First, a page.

trump, and our job as ants

worm pic 2
Today, heading out on one of my periodic hoofs around the neighborhood, I found this on the sidewalk: a mob of ants clotting around an earthworm. I leaned over for a moment, considering the industry and anonymity of the army at work, wondering why We Humans can’t join forces and shoulder away — for storage, safekeeping or disposal — whatever blessed gifts or toxic burdens come our way. Donald Trump and his hateful and divisive rhetoric sprang to mind. Surely, if we all came together, we could solve that nagging problem. How about everyone who’d rather not see him as our 45th President just assemble on a square of pavement at his feet and peacefully, diligently, carry him off the sidewalk?

I considered the logistics of this as I pressed on with my afternoon constitutional. In short order I passed a black man in a skull cap, swapping quick hellos. A few minutes later, inside a pharmacy, a young woman with a South-Asian accent chit-chatted agreeably as she rang up my chocolate and greeting cards. She smiled. I smiled. Nice gal.

Down the street, I encountered two men leaving an Orthodox shtiebel, deep in conversation in some language I didn’t immediately recognize (Yiddish? Russian?).  I said hi. They looked up, nodded quickly but politely, then returned to their discourse, walking lightly in heavy black suits on this far-too-muggy Sabbath.

Barely half a block down the street, I stopped and tried on a leather jacket (sleeves too long) at a yard sale, gassing a bit with the African-American family gathered out front.

On the rest of my stroll home, I passed a new Mormon church and my old Catholic church, lately transformed into a hip media company. I exchanged smiles, greetings and pleasantries with an Italian friend at an import store, a black woman who accidentally knocked into me with her Stewart’s bag — she apologized profusely, and I assured her I survived — and an old white fellow that I scared the bejesus out of when I walked up beside him and bleated out hello.

“Ahhh!,” he yelped, laughing. “You startled me!”

My turn to apologize profusely. He grinned and regained his bearing, and as he did, I thought: We are a horde of ants going about our business together, aren’t we? This rainbow bunch of people milling around my neighborhood, my country and my cosmos are living, bustling proof that no one is in it alone, that all of us share the burden and shoulder the weight of everyday life. Much of the time, from our microscopic solipsistic egotistical perspectives, we’re focused on our own tiny errands, our own tiny selves — and we only see the differences between us, the variations in skin, religion, party, perspective and language that build fear and walls. We like to think we’re all that different, but we’re not.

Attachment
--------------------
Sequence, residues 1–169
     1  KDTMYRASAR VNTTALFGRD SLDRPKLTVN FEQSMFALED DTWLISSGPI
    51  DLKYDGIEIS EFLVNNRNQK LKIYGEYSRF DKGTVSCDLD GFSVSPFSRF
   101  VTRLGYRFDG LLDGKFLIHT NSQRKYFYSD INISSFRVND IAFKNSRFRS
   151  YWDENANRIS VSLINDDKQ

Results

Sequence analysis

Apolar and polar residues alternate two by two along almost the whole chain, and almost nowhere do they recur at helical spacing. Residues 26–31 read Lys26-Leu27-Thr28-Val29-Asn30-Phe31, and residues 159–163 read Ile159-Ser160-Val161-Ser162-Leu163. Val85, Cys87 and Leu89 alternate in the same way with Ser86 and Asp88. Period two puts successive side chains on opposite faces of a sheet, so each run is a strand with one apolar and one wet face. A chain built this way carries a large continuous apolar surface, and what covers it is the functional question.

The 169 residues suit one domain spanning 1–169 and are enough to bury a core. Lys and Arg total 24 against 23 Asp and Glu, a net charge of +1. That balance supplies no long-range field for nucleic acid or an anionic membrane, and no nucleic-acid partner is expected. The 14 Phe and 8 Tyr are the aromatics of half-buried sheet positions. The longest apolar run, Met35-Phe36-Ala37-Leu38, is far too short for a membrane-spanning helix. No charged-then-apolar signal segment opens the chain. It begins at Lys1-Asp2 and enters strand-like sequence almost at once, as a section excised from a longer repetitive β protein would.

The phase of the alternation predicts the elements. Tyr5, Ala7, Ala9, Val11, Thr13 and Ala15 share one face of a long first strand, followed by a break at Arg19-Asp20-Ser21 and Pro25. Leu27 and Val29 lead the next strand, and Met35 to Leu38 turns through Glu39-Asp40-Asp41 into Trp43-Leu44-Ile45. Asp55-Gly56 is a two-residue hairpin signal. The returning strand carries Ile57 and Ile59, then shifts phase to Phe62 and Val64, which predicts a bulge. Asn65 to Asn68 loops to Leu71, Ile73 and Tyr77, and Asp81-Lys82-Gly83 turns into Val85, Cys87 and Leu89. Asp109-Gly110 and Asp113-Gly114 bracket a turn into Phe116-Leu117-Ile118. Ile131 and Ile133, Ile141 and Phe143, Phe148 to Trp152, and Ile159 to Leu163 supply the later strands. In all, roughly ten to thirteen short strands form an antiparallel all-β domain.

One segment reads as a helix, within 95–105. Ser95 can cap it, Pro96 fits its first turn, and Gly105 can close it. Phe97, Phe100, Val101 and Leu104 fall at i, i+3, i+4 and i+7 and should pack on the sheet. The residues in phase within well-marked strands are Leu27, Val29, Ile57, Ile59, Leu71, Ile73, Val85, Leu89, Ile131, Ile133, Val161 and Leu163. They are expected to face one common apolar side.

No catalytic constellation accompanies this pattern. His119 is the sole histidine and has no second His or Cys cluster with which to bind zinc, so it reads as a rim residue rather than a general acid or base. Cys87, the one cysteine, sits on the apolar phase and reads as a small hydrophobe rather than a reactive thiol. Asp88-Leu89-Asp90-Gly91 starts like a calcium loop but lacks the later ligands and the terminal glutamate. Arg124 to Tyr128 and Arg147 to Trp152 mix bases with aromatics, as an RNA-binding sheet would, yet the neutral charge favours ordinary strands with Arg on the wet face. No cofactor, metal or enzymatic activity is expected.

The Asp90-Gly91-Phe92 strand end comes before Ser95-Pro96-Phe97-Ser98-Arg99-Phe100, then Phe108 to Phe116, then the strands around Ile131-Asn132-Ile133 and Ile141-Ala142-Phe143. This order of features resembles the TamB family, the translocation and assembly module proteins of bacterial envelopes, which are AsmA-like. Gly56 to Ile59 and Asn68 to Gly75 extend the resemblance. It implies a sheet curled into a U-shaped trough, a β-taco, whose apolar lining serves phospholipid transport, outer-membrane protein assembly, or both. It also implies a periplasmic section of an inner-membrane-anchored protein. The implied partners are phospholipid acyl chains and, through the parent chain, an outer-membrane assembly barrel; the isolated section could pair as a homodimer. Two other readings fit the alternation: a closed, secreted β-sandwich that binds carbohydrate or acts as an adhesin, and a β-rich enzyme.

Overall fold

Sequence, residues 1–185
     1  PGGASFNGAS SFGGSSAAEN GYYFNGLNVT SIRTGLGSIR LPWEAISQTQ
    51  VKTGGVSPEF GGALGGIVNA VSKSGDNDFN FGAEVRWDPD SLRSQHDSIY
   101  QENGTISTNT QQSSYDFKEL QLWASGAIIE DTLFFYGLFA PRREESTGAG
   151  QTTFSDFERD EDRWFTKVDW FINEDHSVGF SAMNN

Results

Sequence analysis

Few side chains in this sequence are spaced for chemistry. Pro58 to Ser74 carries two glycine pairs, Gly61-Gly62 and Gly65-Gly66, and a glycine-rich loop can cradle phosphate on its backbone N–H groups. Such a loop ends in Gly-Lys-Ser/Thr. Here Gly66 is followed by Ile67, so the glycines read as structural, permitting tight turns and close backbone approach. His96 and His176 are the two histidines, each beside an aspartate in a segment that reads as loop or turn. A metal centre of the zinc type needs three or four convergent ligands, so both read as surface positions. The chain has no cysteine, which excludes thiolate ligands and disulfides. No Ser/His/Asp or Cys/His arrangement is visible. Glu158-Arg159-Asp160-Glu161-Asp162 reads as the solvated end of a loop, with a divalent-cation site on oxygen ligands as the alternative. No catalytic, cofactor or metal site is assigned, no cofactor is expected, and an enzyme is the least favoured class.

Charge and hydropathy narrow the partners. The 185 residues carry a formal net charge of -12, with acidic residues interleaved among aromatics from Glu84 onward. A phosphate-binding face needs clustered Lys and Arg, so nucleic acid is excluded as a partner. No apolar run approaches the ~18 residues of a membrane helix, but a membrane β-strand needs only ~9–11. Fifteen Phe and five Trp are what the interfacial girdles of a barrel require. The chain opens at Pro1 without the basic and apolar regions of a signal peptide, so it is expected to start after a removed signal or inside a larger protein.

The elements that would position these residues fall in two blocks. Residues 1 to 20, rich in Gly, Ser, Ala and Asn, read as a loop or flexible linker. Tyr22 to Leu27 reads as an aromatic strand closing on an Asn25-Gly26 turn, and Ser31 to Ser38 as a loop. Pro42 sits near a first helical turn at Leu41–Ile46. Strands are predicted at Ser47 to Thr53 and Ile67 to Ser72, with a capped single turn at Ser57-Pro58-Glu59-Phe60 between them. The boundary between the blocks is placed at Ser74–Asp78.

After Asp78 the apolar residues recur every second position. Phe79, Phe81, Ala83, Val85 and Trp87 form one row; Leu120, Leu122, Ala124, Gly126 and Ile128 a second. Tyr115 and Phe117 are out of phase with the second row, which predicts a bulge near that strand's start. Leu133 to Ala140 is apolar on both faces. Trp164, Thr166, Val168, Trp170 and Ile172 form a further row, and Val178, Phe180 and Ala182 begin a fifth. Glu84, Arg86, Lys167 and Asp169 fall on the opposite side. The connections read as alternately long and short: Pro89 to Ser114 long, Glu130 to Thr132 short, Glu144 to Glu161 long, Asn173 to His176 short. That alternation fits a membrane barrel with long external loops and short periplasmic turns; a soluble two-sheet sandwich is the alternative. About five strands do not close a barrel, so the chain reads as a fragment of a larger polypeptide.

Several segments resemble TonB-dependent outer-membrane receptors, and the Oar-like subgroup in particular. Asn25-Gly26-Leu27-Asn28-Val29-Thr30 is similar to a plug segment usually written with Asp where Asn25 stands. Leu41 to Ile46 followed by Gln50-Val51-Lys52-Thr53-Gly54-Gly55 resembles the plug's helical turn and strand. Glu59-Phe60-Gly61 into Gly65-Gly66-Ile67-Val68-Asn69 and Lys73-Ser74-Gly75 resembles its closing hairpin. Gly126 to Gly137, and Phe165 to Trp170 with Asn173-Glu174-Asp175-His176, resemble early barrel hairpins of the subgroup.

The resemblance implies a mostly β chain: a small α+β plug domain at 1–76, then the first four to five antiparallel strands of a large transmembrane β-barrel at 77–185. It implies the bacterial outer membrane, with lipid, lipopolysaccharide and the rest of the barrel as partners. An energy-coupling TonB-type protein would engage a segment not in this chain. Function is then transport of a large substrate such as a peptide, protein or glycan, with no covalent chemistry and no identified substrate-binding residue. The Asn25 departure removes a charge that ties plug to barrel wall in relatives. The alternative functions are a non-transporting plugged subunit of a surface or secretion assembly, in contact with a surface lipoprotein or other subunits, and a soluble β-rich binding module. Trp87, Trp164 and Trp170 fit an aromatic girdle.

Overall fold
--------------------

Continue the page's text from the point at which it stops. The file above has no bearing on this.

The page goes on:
What would the ants think, if they could? If you could pluck one from the crowd and stick a microphone in its face, what would it say? Would it see only differences? Would it go on a bigoted rant against its neighbors? Would it claim superiority based on the length of its antennae and the sharpness of its mandibles? Would it express stubborn individualism? Small-minded parochialism? Lockstep partisanism? Would it gripe, “Dude, the other ants don’t pull their weight. They complain too much. Takers.” Would it go on social media to bully, insult, demonize (hashtag #LoserAnts)?

Okay, so I’m reading way too much into a worm. But still. If all of us are ants already, then the Trump thing is straightforward business, isn’t it? We should give it a shot. We’re all in it together. We can carry him off the sidewalk, I’m sure.




Barry Manilow, meet my sister Betsy

Barry, meet your biggest fan: my sister Betsy. She’s developmentally disabled, but there is nothing incomplete about her. She is beautiful and wise and whole, full of insight and joy, compassion for all and passion for all that she loves: her family; butterflies; the color purple; jigsaw puzzles; word searches; rocks; animals; nature shows; and you, you, you.

She first fell in love with you at age 6, maybe 7. It might have been “Could It Be Magic.” Whatever the song, “I fell in love with him and became his fan immediately.” Aside from owning, and memorizing, every CD you ever recorded, she has books, posters, photos, you name it.

I asked her what she loves so much about her Barry. Her reply: